The nation’s largest demolition contractors have been able to increase revenue figures even during slow times.
There are few summaries of the construction and demolition sectors covering the past two years that would refer to activity levels as booming.
However, the nation’s largest demolition contractors have reported revenue figures for 2011 that point to their ability to find work even in a challenging business environment.
Most of the nation’s largest demolition firms reported 2011 revenue figures that were higher than their reported figure for 2009, when the construction industry was really considered to be in a trough. Chicago’s Brandenburg Industrial Service Co., for instance, rebounded from a $110 million year in 2009 to a 2011 figure of $160 million in revenue.
On the Pacific Coast, the NCM Group (the company formed by the merger of Nuprecon and CST Holdings) rebounded similarly, having grown from a $160 million revenue figure in 2009 to $220 million last year.
There is a new company atop the list—New York City-based LVI Services. On its website, www.lviservices.com, the more than two decades old company notes that it “started out primarily in the asbestos and lead abatement markets, [but] today we offer complete services from abatement to mold remediation to complete demolition and cleanup of properties.”
The company says one of its largest growth areas has been in the emergency/disaster response business. “With our First Alert contracts, customers can pre-negotiate rates and contracts to help ensure that their businesses are back online as quickly as possible,” LVI says.
Also new to the 20 Largest Demolition Contractors list in 2012 are Massachusetts-based NASDI Inc. and Baltimore-based Potts & Callahan.
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How 2012 final revenue figures will shape up or what 2013 will bring is unclear. The Associated General Contractors (AGC), Arlington, Va., says the construction industry managed to add 5,000 jobs in September 2012, but the group expressed caution heading into the year’s final quarter. “Residential building contractors added 1,100 jobs in September and have gained 3,200 for the year,” the AGC said in an early October news release. “Meanwhile, residential specialty trade contractors added 2,300 jobs in September and 19,700 for the year.”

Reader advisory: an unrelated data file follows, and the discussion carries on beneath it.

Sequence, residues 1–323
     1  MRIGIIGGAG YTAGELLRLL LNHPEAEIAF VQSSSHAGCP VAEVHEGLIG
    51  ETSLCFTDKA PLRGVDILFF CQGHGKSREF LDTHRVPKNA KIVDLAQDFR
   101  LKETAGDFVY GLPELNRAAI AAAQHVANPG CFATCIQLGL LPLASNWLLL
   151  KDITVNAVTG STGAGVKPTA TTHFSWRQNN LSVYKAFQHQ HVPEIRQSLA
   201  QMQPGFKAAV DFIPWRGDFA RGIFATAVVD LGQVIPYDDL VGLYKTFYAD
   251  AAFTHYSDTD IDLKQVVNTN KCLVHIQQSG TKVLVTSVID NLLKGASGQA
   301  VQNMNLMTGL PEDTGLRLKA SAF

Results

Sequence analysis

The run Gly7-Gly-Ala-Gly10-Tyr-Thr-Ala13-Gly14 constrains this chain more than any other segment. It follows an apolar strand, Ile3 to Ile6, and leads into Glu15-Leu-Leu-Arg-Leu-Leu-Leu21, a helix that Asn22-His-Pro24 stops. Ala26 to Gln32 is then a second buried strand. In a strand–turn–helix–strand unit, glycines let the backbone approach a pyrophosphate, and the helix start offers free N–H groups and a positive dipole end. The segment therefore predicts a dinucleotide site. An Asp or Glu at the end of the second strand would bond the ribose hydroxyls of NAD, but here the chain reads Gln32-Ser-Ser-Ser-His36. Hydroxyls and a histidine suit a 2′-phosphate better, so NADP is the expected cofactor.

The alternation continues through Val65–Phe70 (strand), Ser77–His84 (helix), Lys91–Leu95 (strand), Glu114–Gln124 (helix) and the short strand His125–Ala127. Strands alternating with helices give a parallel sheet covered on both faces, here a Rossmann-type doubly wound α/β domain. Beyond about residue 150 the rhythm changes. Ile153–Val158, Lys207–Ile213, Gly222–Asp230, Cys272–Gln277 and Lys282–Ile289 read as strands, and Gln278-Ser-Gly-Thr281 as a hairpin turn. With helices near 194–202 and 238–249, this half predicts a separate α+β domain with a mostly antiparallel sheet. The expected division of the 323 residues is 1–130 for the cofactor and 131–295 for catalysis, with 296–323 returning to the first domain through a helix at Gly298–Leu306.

On the cautionary side, however, AGC added, “Non-residential building contractors added 1,100 jobs in September, but have lost 12,400 during the past 12 months. Non-residential specialty trade contractors added 1,500 jobs for the month, but lost 30,000 for the year.” Conversely, “The heavy and civil engineering construction sector lost 200 jobs in September, but has added 14,600 since September 2011.”
An incomplete grade?
As our publication does with each list of this type, a disclaimer needs to be issued. To compile this list, the editors of Construction & Demolition Recycling solicited larger companies who are likely contenders for the list. While the editors are gratified for the responses received, it also is true that several of the largest companies declined to participate or could not be reached. In some cases, estimates were made after consulting with industry sources and conducting Internet searches.
We also used an average revenue growth formula (based on responses received) to update some revenue figures. For those companies who were missed by us or who did not respond this time around, we hope to make better connections for the 2014 version of this list.
If you work for one of these companies or know of another company that you suspect should be on this list but was not contacted (or did not respond), please let us know. Managing Editor Kristin Smith can be contacted via email at firstname.lastname@example.org or can be reached by phone at (330) 523-5361.
The author is editorial director of Construction & Demolition Recycling and can be contacted at email@example.com.